Masters of Venice Expansion
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U.S. publisher R&R Games plans to release a tiny expansion for its 2009 title Masters of Venice at Spiel 2010. The expansion consists of five new character cards, one of which is depicted below. Says game designer and R&R president Frank DiLorenzo, "They are used by changing the line-up of character cards available to choose from during the game, thus creating all new mixes of powers. Only the Gondolieri character remains a constant in the game."
For those not familiar with the game, head to the Masters of Venice preview that ran on Boardgame News in March 2009. This preview includes a basic description of game play, along with my impressions of the game after four playings.
Update, Sept. 10, 2010: DiLorenzo has passed on the following additional info about this item: "The MOV expansion is a limited edition. It will be available at Essen initially and if we have remainder, the rest will be made available through R&R directly. At Essen, it will be free with any purchase of MOV and €3 alone. (Included with the expansion set will also be the corrected Tax Collector card for the game.)"
In its heyday, Venice was a major economic and political power, serving as the center for trade and commerce between the West and Far East. Today, Venice's major source of commerce is tourism, and the city is now known more for its romantic canals and alleys than for its economic prowess.
It is Venice's heyday of commerce and economics that is the subject of Frank DiLorenzo's Masters of Venice. Players represent merchants dealing in valuable commodities, attempting to strike it rich in the fickle stock market and guild trade. What DiLorenzo has designed is a very intense and intricate economic game that will likely be highly satisfying to folks who don't mind the constant market adjustments and maintenance that the system requires. Many others, however, will find such labor-intensive attention to be cumbersome and simply too much work.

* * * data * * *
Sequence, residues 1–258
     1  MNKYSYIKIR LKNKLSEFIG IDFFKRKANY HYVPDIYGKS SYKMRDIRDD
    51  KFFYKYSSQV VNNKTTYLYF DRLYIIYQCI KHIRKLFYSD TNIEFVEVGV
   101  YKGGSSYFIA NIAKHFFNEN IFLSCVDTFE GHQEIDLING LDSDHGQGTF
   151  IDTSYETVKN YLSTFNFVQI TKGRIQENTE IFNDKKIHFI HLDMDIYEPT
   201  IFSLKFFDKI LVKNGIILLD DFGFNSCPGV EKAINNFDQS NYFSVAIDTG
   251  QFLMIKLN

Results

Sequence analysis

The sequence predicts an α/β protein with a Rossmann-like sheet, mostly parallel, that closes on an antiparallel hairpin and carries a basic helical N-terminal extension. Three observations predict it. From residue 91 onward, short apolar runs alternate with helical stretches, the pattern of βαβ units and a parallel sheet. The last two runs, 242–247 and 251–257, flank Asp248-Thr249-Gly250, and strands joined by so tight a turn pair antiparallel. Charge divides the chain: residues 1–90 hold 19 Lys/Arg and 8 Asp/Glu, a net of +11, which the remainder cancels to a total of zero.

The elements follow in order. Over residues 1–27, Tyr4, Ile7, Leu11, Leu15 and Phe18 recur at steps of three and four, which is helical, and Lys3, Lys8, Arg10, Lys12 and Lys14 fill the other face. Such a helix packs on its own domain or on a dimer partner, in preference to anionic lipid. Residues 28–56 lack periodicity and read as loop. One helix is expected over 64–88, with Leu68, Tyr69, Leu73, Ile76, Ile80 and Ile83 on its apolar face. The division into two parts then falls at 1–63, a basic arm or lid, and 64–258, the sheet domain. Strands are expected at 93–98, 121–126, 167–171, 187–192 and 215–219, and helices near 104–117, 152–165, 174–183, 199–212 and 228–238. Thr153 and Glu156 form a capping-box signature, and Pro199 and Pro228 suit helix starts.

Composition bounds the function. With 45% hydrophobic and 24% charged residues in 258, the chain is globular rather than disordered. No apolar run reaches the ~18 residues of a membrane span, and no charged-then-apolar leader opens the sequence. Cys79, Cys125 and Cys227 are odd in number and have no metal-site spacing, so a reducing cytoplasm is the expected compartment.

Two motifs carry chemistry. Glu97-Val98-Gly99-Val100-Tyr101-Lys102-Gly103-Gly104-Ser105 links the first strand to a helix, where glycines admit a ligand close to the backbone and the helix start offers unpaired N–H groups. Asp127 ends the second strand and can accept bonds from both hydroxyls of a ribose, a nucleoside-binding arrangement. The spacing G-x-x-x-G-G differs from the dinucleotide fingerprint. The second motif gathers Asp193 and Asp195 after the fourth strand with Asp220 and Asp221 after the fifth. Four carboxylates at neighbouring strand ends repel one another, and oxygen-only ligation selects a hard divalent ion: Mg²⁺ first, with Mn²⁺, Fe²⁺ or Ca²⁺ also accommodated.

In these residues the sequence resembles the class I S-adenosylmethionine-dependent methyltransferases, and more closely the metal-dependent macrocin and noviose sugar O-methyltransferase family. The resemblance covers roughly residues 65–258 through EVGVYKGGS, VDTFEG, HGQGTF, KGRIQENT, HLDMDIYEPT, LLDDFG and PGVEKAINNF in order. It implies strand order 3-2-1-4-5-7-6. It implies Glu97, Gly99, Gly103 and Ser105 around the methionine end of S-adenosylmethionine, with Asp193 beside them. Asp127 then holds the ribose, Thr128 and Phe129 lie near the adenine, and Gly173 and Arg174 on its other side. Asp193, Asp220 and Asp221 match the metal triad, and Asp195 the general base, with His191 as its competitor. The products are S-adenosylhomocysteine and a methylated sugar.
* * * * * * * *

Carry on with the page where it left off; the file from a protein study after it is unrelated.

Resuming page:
The game itself presents an attractive picture, with components made from sturdy material. The artwork is a mixed bag, much of it being quite pleasing. The board, on the other hand, is far too congested and small, making it difficult to discern the different locations. Everything is contained in one of those now familiar super- thick boxes constructed in China.
The game is played over the course of twelve turns, with four bidding rounds interspersed throughout play. Basically, players will bid for turn order, and will acquire certain roles which give them specific abilities. The turn order and roles will remain intact for three turns, after which a new bidding round is held.
Each turn, players use a dial to indicate where the location they wish to visit. The docks, Mercado and shipping offices allow players to acquire resource cubes, while the shops allow players to sell resources and the Guild Hall allows players to fulfill order and acquire new ones. The stock market is the location to sell and purchase stock in the five shops, while the church is the place to go for favors, which allow players to increase orders for the resources. In a fashion similar to Puerto Rico, most locations allow ALL players to transact business there, so long as at least one player visited that location. However, players who actually visited that location will be able to transact business first, which is usually a big advantage. It is always tricky trying to guess whether another player will visit a location, enabling you to transact business there. Sometimes, it is wiser to visit a place just to be certain you can take the action associated with that location.